Baker has tremendous ball skills and plays a physical brand of football, perhaps he can be the ball hawk CB to compliment FS Malik Hooker on the back end.
27. Oakland Raiders (via Dallas Cowboys): T.J. Hockenson, TE, Iowa
Don’t say I never do anything for you, Raider Nation. Landing Hockenson and Metcalf in the same class? This is a tremendous pairing to go with QB Derek Carr in Coach Gruden’s second season. Hockenson is a throwback at heart: he’s a mauler in the ground game but a receiving threat in his own right.
The Raiders should be thrilled to target a potential replacement for free agent TE Jared Cook and know he’s more versatile than the incumbent.
28. Los Angeles Chargers: Dexter Lawrence, iDL, Clemson
The Chargers’ defensive front is getting a little long in the tooth, but the mammoth Lawrence can go a long way in getting this squad to anchor more effectively. The Chargers saw their season end at the hands of the Patriots, thanks in large part to their inability to stop the run.
Lawrence’s specialty? You guessed it. Stopping the run.
29. Kansas City Chiefs: Nasir Adderley, S, Delaware
Speaking of poor performances from 2018, shouts to the Chiefs secondary. How do you combat such a poor showing, despite finishing first in the league in sacks (52) last year? You have to upgrade the secondary.
Senior Bowl standout Nasir Adderley would be a welcomed addition for the Chiefs. Adderley’s showing at the 2019 Senior Bowl suggests he’s a true safety: his man to man skills are frustrating and ineffective, but that’s just fine.
Let Adderley acclimate to life in the NFL as a Safety and he will prosper. Adding him to the Chiefs secondary gives the team much needed reinforcements on the back end.
30. Green Bay Packers (via New Orleans Saints): Noah Fant, TE, Iowa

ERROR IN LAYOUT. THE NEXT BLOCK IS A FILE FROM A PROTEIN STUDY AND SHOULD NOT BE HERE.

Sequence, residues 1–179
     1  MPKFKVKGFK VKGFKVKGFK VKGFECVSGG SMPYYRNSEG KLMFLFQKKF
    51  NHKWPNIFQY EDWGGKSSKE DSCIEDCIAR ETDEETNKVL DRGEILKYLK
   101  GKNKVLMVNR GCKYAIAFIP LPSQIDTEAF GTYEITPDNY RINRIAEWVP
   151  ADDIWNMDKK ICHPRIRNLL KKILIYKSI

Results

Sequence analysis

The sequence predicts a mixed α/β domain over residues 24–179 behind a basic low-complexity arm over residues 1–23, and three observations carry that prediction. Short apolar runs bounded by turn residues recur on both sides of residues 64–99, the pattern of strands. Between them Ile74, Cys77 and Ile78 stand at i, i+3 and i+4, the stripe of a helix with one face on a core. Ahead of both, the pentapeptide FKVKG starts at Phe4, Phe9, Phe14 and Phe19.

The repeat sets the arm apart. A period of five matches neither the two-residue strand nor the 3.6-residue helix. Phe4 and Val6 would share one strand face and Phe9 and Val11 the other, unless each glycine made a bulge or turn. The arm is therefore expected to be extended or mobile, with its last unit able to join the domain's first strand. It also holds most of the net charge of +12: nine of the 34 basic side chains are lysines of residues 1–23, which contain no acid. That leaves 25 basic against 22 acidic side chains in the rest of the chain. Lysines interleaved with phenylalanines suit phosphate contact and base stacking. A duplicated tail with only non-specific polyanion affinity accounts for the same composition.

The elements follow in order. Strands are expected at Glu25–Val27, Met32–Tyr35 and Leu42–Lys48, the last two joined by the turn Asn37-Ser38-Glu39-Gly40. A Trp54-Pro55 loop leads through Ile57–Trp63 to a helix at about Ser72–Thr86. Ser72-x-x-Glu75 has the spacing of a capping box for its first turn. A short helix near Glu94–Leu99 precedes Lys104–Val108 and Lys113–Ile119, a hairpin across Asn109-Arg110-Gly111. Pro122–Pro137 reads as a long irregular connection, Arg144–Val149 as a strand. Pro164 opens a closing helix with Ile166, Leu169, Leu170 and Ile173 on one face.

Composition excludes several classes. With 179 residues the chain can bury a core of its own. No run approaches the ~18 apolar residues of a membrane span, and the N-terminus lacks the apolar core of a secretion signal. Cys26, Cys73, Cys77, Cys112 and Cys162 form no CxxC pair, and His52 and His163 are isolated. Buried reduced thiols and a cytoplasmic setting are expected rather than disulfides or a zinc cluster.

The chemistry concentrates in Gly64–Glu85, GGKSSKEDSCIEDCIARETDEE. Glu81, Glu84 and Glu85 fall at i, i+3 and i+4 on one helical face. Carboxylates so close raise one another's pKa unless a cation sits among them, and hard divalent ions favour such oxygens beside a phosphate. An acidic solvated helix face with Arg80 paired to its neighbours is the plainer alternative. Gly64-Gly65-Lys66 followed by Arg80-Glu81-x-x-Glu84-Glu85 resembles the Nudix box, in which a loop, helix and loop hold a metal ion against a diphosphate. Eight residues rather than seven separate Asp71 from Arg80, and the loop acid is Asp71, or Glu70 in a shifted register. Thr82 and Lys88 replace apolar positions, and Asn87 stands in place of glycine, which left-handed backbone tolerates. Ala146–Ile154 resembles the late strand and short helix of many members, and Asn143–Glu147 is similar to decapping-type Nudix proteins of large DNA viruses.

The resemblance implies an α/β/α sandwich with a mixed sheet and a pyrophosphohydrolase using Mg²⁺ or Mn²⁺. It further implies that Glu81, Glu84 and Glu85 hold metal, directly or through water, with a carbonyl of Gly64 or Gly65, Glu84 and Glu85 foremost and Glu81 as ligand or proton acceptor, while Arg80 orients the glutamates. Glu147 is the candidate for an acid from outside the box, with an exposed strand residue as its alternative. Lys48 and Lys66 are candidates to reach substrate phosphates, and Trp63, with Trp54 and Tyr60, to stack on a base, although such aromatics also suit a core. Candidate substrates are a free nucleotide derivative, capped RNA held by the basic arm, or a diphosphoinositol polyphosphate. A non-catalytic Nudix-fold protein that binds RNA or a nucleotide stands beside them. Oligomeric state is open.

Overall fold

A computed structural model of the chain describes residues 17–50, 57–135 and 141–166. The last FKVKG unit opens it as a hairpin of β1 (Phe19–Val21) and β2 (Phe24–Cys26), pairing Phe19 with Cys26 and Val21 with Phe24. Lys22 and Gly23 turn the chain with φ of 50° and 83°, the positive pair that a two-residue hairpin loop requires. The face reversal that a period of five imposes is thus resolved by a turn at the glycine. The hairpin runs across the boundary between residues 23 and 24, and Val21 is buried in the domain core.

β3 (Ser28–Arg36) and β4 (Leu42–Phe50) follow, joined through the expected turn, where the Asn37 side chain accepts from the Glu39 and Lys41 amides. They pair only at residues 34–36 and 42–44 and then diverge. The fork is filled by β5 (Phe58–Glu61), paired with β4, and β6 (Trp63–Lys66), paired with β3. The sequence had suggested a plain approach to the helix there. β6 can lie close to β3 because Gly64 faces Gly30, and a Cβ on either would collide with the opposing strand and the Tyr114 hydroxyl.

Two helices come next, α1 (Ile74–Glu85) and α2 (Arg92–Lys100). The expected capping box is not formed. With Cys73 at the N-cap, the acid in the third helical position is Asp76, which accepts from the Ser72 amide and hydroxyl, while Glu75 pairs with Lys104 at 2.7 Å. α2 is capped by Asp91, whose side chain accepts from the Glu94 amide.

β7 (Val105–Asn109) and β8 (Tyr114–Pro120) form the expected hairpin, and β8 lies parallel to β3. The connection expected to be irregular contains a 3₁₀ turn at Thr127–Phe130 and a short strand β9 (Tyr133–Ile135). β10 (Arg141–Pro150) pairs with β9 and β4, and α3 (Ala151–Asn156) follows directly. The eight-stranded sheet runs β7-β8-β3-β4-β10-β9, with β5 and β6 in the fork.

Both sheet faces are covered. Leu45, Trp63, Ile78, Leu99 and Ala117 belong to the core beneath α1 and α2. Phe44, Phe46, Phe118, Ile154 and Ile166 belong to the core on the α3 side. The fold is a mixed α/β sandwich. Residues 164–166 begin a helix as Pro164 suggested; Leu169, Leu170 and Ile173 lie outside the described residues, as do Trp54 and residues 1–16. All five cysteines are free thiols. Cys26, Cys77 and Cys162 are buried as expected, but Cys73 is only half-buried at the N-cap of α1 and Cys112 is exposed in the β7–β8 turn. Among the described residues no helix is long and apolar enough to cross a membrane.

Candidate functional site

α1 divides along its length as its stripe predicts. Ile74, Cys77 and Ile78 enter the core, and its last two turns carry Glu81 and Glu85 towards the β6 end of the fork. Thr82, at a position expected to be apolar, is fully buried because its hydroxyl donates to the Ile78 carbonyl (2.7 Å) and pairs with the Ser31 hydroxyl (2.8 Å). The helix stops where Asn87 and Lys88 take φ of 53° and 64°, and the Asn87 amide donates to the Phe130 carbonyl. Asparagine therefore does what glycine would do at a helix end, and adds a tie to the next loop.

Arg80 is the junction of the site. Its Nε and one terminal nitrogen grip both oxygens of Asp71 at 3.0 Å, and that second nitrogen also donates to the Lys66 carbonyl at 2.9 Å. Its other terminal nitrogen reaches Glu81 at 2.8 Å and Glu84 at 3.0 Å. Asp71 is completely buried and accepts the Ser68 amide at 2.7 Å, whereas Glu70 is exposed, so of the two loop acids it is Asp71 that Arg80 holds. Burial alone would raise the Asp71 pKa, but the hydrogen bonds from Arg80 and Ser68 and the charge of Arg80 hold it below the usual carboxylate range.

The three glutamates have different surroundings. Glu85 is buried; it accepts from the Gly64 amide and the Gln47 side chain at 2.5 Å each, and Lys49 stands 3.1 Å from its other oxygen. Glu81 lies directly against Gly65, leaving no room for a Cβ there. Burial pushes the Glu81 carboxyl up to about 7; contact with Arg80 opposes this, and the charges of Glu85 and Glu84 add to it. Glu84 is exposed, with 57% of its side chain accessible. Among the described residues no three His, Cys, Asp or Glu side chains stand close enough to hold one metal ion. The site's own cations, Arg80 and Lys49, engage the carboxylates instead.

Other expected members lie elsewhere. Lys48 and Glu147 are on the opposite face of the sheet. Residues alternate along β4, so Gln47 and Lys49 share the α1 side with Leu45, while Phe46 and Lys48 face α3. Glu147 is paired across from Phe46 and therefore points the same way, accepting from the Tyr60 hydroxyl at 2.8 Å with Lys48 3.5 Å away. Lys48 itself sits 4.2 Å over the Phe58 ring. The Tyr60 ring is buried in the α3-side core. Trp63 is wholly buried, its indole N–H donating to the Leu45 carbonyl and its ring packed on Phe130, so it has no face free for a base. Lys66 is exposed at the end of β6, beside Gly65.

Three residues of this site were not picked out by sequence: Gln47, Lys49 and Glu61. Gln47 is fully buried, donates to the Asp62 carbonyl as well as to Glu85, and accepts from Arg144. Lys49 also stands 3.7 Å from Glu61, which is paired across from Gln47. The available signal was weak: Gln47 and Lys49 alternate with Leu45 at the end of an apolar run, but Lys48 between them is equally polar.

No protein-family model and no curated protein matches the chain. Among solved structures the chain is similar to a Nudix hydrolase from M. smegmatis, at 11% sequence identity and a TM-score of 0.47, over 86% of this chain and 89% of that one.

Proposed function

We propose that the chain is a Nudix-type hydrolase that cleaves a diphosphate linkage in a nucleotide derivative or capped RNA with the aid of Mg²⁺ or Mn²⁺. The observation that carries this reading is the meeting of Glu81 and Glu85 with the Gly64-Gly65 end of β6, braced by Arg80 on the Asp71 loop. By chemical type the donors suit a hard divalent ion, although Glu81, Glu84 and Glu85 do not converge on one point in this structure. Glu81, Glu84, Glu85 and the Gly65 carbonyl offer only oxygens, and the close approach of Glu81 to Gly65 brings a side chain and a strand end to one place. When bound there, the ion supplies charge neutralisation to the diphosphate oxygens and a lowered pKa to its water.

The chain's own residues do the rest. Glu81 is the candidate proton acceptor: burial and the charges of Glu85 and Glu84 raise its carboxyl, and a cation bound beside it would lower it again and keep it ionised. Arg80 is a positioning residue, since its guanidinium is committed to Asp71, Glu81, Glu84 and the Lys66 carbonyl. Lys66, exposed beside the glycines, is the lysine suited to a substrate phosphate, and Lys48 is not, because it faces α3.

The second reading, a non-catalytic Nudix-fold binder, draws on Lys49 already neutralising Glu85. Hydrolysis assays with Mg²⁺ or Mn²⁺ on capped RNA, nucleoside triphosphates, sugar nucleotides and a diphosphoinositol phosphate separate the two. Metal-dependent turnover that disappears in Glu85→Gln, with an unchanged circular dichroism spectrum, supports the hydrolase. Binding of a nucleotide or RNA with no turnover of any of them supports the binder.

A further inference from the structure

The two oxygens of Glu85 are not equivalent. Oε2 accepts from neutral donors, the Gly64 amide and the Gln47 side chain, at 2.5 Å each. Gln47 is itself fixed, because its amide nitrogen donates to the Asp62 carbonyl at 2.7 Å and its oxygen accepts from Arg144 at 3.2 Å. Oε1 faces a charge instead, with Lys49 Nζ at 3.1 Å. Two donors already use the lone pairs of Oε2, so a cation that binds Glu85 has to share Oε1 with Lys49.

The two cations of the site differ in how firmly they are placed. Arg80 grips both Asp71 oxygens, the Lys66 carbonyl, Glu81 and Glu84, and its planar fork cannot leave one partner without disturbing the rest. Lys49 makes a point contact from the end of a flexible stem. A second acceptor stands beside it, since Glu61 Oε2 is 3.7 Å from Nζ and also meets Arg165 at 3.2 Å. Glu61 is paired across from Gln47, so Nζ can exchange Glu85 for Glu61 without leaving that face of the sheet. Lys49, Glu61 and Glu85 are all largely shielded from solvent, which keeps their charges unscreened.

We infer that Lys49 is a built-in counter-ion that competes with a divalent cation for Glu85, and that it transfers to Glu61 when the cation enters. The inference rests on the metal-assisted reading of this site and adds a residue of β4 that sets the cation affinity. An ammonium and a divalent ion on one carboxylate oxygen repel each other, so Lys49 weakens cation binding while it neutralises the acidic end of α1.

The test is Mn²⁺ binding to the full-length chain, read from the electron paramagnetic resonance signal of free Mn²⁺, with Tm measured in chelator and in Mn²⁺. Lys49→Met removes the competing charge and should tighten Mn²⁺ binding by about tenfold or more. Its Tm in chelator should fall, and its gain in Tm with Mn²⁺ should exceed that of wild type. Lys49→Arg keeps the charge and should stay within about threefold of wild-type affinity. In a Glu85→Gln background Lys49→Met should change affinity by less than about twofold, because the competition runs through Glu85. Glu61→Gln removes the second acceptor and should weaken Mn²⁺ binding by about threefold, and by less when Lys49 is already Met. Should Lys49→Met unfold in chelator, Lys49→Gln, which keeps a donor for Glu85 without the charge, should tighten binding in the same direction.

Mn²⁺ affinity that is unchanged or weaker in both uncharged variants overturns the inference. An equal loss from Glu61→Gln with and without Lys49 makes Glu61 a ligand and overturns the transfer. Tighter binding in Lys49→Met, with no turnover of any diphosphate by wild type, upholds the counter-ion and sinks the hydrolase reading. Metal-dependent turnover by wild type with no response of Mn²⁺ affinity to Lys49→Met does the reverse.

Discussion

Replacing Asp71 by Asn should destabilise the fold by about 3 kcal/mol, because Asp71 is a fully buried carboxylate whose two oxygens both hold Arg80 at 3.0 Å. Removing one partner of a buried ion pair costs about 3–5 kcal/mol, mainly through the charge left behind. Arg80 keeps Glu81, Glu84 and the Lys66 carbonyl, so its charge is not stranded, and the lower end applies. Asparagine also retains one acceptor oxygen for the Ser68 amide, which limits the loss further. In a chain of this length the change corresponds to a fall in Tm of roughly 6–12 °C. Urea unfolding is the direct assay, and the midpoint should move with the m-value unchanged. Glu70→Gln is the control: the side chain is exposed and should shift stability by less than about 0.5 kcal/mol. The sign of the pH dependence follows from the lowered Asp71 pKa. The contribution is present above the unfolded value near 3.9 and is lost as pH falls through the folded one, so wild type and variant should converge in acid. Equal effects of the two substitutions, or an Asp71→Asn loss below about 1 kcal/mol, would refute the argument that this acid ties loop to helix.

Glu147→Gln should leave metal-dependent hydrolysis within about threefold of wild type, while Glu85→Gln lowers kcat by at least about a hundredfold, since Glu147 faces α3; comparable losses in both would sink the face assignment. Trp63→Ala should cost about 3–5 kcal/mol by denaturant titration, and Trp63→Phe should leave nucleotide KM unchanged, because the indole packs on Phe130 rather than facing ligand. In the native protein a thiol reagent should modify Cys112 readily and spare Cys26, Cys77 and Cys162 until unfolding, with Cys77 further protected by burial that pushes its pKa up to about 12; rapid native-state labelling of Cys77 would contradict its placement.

Sure, Hockenson would have been a terrific add. But let’s not act like Noah Fant is some scrub, either. Fant has elite receiving traits and quietly got better as a blocker this past season for the Hawkeyes before leaving early for the 2019 NFL Draft.
The Packers, having already addressed the pass rush at 12 with Brian Burns, need to give QB Aaron Rodgers someone new to throw the ball to. Fant can be a big factor in the middle of the field, up the seam and in the red zone.
31. New England Patriots: Montez Sweat, EDGE, Mississippi State
One of the standouts from last week’s Senior Bowl practices, Sweat makes sense for the Patriots when considering their tendencies and situation. The Pats like guys who can stack up the line of scrimmage: check. The Patriots like to invest their early picks on trench players: check. The Patriots like guys with length: check.
The Patriots are potentially losing Trey Flowers to free agency this off-season, so the time to consider an heir is now. With a little luck (Patriots get a ton of it, to be honest), maybe Sweat can be the guy.
32. Los Angeles Rams: Mack Wilson, LB, Alabama
The Rams won’t have Brockers, Suh and Donald forever. So it’s time to consider upgrading elsewhere (with cheap labor) to help keep the defense operational. The Rams watched Corey Littleton get abused in coverage by Alvin Kamara…perhaps a cover linebacker could help?
Wilson can do both, he’s a great athlete but also effective knifing into the line of scrimmage to challenge the play.